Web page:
Bernice sent out holiday cards every year, and they were a big deal: she had a photo of herself in holiday garb and wrote a poem full of wit to go with the photo. The cards were sent to 200 friends and relatives, so there were lots of envelopes to address. As macular degeneration made it more difficult to see, the joy-filled project became a burden.
Then there was the tipping. In New York’s large apartment buildings, as many as 20 envelopes needed to be prepared for maintenance staff and doormen. The newspaper delivery folks, the housekeeper, the hairdresser and others also depend on the generosity of their clients at the holidays. As the process of writing notes and addressing envelopes became more difficult and time-consuming, the enjoyment of giving to others dissipated for Bernice.
Bernice took pleasure in decorating her home for the holidays and in entertaining. Unfortunately, her visual impairment limited her ability. Just getting dressed and doing the regular activities of the day consumed her time and kept her from doing the extra things she loved. So, the festive decorations were limited and entertaining declined.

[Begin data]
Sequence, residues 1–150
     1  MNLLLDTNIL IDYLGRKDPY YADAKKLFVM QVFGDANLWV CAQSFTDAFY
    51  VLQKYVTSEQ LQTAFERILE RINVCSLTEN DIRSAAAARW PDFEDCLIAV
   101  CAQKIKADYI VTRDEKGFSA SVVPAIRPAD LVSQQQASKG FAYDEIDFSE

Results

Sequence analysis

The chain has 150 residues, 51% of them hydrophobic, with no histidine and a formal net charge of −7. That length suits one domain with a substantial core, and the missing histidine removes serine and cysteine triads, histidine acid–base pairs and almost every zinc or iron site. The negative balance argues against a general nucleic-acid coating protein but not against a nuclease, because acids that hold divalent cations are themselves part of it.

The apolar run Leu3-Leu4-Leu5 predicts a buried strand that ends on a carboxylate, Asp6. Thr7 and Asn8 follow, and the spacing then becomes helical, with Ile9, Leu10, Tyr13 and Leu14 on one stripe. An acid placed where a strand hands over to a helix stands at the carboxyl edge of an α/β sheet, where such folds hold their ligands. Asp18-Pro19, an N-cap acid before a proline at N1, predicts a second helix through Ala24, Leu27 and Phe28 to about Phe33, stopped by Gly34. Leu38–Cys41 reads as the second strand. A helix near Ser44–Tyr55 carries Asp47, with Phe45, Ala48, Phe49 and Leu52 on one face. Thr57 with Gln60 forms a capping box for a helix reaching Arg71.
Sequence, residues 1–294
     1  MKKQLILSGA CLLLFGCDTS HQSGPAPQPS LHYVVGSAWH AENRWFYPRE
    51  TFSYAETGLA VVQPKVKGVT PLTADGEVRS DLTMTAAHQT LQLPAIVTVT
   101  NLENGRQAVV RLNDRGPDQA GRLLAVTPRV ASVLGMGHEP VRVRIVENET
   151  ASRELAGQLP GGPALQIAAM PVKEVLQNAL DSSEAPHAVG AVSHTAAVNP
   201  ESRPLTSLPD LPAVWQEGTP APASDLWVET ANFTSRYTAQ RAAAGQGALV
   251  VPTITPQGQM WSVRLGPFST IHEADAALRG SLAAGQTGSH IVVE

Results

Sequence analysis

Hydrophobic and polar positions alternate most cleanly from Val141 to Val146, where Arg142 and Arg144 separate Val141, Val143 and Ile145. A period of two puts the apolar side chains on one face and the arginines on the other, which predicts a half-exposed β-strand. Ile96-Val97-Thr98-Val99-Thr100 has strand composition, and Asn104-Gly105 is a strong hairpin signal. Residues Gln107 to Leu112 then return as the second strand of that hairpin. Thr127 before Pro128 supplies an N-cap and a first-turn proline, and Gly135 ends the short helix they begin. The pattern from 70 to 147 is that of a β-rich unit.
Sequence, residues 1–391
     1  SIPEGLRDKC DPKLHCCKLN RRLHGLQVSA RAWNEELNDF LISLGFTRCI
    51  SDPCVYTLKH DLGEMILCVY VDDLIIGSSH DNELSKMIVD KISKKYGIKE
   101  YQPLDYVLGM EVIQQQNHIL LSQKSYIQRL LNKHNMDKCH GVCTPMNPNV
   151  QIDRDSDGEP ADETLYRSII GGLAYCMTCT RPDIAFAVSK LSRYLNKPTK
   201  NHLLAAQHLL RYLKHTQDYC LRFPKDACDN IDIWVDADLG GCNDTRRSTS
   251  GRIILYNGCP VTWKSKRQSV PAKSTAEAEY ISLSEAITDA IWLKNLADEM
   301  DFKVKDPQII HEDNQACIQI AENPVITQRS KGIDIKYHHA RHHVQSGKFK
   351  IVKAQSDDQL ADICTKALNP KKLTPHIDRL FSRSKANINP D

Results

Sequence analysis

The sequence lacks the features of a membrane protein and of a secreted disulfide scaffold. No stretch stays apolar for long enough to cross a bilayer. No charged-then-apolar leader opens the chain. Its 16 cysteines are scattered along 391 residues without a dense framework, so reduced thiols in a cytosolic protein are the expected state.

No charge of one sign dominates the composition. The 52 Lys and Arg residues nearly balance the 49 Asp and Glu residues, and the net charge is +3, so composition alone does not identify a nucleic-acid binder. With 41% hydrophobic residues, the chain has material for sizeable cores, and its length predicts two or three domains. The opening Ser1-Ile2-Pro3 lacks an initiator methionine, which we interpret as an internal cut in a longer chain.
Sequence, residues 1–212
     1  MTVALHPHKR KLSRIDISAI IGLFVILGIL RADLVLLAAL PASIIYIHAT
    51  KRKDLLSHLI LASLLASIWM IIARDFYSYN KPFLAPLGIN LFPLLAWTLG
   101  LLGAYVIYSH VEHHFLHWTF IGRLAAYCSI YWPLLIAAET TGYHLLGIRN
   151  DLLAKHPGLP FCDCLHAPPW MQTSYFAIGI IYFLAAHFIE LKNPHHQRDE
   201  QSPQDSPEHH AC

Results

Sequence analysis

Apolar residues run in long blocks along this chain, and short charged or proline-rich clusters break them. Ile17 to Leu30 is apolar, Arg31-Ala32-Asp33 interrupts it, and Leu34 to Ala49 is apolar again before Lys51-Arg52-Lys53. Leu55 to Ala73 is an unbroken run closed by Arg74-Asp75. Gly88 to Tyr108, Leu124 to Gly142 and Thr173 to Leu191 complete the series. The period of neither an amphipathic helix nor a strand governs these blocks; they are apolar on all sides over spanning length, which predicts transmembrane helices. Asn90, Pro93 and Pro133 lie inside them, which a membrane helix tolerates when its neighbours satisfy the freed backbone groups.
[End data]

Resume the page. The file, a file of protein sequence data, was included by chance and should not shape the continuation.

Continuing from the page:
In Bernice’s case, she had no immediate or extended family close by. But … she had Gideon Schein, who she described as her “paid son”. Gideon was glad to help. He photographed Bernice, typed up her poem, took the materials to the printer, and addressed the envelopes. Gideon also helped with preparing tips. Once an aide was hired for Bernice, the aide was able to put up holiday decorations under Bernice’s guidance, which made it more fun for Bernice to share her home with others, and her friends and family were delighted that the traditions continued.
Now is the time for families to check in with their seniors and see if there are ways that they can be helped so the joy of the season can be maintained and the stress of the holidays minimized. To help ease the stress, we have put together a short list of holiday family tips that easily include older loved ones.